Students in Iowa State Universities Aerospace Engineering Department just learned they’re getting a new instructor.
Retired NASA astronaut Clayton Anderson has accepted a job with the university.
The news around campus spread pretty quickly.
“My first reaction was I was really excited and looking forward to it,” says Freshman student Betsy Losen.
Freshman Miriam Wilson agreed saying, “It’s a great opportunity to hear from someone who`s had great opportunities in their life.”
Retired NASA astronaut Clayton Anderson will join the faculty at ISU in the Aerospace Engineering Department.
“The opportunity to get someone who is that good to come on board and work with us is unparalleled,” says Professor and Aerospace and Engineering Chair Rich Wlezien.
Wlezien says Anderson will be teaching for three weeks this semester, working one on one with freshman.
“It`s really exciting because the class introduces our students to Aerospace Engineering, what better way to learn about being in space than to hear it from someone who`s been there,” says Wlezien.
Anderson earned his master’s degree from ISU and has logged 167 days in space including 38 hours of spacewalks.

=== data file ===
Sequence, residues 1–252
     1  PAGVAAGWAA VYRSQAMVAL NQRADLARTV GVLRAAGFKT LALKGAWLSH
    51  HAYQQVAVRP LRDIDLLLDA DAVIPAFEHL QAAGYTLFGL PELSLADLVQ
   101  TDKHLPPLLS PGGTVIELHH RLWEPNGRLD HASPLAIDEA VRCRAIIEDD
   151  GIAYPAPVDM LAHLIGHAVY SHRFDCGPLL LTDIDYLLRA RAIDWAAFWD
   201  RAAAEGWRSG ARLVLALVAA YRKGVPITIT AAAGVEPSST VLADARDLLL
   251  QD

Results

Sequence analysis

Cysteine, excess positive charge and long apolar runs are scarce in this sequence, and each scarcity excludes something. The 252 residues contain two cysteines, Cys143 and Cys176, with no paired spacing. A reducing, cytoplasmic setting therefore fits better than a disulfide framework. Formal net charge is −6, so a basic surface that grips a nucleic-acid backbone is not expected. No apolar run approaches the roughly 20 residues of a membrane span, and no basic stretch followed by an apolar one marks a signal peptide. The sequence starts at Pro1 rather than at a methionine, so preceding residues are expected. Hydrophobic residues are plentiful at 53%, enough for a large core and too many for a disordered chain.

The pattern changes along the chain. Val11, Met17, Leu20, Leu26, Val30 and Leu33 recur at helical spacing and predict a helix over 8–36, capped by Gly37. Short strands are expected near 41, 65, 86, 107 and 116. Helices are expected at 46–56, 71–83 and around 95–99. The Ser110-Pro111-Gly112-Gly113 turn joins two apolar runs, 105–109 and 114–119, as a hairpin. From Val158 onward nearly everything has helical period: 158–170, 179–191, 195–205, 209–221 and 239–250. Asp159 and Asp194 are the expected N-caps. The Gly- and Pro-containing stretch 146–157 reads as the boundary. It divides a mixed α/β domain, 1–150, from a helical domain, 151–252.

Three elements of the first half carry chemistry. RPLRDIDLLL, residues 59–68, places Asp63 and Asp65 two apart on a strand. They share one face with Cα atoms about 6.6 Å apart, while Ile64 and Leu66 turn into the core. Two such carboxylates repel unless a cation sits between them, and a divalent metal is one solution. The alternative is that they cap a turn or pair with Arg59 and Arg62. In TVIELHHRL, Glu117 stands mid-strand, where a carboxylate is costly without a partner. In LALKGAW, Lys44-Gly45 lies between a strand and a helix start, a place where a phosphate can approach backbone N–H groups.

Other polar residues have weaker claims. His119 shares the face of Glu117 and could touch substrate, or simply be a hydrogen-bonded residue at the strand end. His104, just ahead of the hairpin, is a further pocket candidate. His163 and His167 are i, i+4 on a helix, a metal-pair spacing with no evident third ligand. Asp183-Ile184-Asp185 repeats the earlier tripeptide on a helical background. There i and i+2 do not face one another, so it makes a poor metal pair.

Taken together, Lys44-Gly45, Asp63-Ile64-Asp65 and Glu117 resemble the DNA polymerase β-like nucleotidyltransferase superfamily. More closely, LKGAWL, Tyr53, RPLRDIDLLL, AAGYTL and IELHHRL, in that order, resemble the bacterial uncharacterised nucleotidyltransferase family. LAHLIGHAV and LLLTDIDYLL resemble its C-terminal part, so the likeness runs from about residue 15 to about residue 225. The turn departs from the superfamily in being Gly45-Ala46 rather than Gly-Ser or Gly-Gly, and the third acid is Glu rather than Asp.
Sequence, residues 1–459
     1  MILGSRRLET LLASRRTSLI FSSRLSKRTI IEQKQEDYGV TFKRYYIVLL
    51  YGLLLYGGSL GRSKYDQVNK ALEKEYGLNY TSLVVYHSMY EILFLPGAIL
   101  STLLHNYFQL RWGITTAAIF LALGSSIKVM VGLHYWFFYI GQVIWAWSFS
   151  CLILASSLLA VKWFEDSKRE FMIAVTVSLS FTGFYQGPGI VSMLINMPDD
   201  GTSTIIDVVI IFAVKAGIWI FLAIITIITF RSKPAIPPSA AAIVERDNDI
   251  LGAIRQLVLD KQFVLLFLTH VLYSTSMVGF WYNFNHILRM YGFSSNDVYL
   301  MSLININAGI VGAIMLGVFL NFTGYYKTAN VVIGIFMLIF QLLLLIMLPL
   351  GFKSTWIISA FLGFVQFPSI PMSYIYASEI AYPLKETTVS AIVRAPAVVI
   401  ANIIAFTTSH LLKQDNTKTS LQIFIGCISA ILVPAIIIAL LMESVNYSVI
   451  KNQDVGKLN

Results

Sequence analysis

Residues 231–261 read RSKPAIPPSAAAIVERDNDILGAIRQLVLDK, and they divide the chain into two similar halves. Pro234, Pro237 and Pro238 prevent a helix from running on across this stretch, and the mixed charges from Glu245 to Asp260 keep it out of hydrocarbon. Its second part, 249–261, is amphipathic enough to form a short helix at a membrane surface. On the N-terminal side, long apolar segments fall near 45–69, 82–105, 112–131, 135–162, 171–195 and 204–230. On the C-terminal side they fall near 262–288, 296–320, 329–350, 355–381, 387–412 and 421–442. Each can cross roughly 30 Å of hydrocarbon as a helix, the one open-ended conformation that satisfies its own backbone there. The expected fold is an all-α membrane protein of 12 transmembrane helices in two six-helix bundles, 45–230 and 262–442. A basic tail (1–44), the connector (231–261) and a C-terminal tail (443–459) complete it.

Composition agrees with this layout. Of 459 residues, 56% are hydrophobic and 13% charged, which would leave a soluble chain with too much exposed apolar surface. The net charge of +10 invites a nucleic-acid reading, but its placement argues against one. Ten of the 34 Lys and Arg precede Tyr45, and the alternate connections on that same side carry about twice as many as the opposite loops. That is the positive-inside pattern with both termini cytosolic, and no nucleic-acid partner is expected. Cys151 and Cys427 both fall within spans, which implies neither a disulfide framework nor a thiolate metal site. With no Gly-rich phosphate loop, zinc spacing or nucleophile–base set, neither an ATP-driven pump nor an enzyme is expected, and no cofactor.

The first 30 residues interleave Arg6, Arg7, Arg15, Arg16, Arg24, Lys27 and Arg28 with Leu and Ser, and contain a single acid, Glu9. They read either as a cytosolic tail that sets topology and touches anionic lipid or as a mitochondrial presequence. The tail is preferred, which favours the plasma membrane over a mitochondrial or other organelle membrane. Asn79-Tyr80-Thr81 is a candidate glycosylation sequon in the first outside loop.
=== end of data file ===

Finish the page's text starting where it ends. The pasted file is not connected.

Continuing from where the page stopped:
He said by phone he is excited to get back in the classroom.
“This is a more formal process, it allows them to tap into different resources which makes it a little bit easier on them. I still get the opportunity to work with young kids and in part some of the experiences I`ve had which is the most fun for me,” says Anderson.
Professor Wlezien says five years ago 50 percent of Aerospace Engineering students were switching majors after their first semester, now that number has dropped to less than 10 percent.
Adding Anderson to the mix will only help.
“There is always a danger in scaring the students away by teaching them too much of the fundamentals and not enough about what you actually do as an engineer, so to get someone like Clay here is just thrilling,” says Wlezien.
And students agree.
“I can`t wait to be able to hear from him and hear his experiences,” says Freshman Tanner Lyon.
Anderson is looking forward to the opportunity.
“I’m hopeful we can have great interaction in the classroom get kids excited to be inspired to do great things,” says Anderson.
Anderson will start teaching classes at ISU in October.